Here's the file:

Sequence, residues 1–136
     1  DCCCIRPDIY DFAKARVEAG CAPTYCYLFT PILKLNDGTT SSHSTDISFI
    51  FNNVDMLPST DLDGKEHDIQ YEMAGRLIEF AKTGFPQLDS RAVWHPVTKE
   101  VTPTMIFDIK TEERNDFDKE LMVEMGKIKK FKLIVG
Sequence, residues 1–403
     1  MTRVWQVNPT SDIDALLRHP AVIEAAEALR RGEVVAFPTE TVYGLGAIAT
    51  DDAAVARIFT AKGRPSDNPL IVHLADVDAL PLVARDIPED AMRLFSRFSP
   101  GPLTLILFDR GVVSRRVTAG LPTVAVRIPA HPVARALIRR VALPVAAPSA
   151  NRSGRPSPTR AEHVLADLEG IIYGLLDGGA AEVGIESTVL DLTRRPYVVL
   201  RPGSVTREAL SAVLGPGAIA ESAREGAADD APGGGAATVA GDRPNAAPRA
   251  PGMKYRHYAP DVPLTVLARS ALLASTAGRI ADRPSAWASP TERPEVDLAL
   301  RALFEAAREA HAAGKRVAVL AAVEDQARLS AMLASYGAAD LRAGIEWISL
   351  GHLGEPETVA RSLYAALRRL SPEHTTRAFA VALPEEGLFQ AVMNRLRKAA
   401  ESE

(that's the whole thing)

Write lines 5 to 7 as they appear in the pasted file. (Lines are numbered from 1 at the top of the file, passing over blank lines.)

Sequence, residues 1–403
     1  MTRVWQVNPT SDIDALLRHP AVIEAAEALR RGEVVAFPTE TVYGLGAIAT
    51  DDAAVARIFT AKGRPSDNPL IVHLADVDAL PLVARDIPED AMRLFSRFSP